I covered the whole thing with thick clear vinyl, which can be purchased by the yard at fabric or craft stores. I used a carpet knife/metal straight-edge to split the 48″ width vinyl down the middle to give me five yards.

4) Secure the Vinyl

I found some plastic edge molding to use on the sides to hold the vinyl in place, and secured the masonite to the floor with two-sided carpet tape. You can use a simple sponge mop to clean the finished keyboard when it gets dirty.

unnamed-4

Not only do the students walk on the pathway when entering the room, but it is also a great way to have them line up at the end of class. When I am doing a lesson on understanding the pattern on the keyboard, there is nothing better than a “room-size” visual aid!


Keyboard Awning Curtain

A very simple, but eye-catching project, is to make your own version of the infamous keyboard awning curtain that we see on the homepage of the Quaver website.

What you need:

  • Keyboard fabric
  • Iron (optional)
  • Iron-on seam tape (optional)

1) Obtain Keyboard Fabric

We had a fairly difficult time locating keyboard fabric that would work, but just before giving up on that project altogether, we found our answer while attending the Texas Music Educators Conference.  One of the large online music specialty vendors had keyboard beach towels for sale! We bought enough towels to meet our window measurements, but you may have better luck finding keyboard fabric than I did.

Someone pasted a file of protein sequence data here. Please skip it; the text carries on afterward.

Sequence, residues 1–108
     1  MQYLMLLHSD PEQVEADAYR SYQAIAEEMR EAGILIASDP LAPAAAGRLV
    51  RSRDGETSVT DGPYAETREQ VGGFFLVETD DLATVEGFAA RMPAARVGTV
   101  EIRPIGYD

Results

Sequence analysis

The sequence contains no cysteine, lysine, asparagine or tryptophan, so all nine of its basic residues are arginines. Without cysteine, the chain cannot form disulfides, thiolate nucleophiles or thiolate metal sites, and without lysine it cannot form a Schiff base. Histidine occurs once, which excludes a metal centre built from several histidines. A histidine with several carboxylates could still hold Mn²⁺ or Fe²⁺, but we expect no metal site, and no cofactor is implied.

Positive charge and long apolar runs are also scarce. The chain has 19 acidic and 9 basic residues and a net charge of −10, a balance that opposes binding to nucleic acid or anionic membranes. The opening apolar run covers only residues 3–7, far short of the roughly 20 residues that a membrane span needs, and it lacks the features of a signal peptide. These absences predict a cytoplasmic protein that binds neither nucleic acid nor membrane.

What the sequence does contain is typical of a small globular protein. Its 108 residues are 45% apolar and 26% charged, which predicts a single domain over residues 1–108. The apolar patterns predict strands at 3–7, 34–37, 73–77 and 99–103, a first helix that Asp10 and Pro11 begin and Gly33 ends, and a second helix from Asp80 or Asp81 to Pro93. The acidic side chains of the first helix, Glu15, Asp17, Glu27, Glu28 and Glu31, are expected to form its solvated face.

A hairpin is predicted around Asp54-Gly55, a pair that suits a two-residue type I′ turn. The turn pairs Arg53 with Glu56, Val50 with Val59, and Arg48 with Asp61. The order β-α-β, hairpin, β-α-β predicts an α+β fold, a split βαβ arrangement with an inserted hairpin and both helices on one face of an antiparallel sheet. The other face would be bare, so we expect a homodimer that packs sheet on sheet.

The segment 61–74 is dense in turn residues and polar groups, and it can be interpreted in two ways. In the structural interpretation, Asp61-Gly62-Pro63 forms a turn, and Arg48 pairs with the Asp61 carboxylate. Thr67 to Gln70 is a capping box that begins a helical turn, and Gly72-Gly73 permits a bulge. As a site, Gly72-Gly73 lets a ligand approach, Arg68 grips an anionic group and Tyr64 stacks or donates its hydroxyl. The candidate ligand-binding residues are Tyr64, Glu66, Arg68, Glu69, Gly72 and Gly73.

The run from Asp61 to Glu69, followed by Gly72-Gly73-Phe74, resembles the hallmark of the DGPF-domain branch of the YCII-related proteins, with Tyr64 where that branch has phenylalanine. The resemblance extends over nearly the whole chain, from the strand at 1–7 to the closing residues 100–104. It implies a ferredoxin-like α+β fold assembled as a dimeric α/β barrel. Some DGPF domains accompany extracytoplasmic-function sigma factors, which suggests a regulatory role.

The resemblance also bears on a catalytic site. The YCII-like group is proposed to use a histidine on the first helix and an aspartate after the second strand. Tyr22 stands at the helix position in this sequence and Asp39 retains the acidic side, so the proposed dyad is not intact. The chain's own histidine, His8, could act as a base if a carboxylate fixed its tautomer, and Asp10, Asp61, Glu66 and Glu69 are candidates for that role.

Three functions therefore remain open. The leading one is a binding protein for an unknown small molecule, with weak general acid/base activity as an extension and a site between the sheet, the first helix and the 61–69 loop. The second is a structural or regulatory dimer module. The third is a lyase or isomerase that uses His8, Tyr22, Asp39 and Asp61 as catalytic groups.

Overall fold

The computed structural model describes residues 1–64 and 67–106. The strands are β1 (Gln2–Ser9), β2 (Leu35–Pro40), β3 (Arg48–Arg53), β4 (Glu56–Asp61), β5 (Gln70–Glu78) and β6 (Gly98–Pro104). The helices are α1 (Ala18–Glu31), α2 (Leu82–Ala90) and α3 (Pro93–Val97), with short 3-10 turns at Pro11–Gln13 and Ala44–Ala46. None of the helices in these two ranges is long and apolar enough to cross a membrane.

2) Connect the Pieces (Optional)

If you’re like me and had to use little pieces of fabric to make one long one, then I recommend ironing the pieces using iron-on steam tape.

unnamed-6

The keyboard curtains are the perfect complement to the keyboard pathway, and contribute a lot to the musical atmosphere of the room.

 

Talk to you next time when I’ll show you how to create the Giant Harmonica, Instrument Display, Composer Busts, and several other surprises I think you will enjoy.  I hope these ideas get you in the creative spirit this holiday season!  Happy Quaverizing!

***

Has anyone built their own Bigfoot, Timeline Train, or Beat Jar? Stay tuned for Part 3 of Charles Black’s Quaverizing Your Classroom series!

{ 4 comments… read them below or add one }

1 Sherri January 19, 2017 at 6:42 pm

Could you please let me know how to find the 10ft roll of keyboard cloth? Thanks! I love your ideas!!! Beautiful room!

Reply

2 Charles Black January 20, 2017 at 1:18 pm

Hi Sherri,
I purchased the keyboard cloth sections from Music in Motion. Here is a link to the page in their website: http://www.musicmotion.com/Creative-Dramatics/6003-keys-to-music-floor-mat.asp
Thanks for your kind comments. I need to warn you about one thing, though: “Quaverizing” is addicting! Have fun :)
– Charles Black

Reply

3 Karen B April 27, 2017 at 11:25 pm

I love this series. When will part 3 be released? I’m dying to know how to create the composer busts. My students love those guys!

Reply

4 Abby @ Quaver April 28, 2017 at 9:53 am

Hi Karen,

So glad to hear you’ve been enjoying Charles’ series! Part 3 will be released in May – hopefully inspiring you and other teachers to quaverize your classroom as a summertime project!

Reply

Leave a Comment

Previous post:

Next post: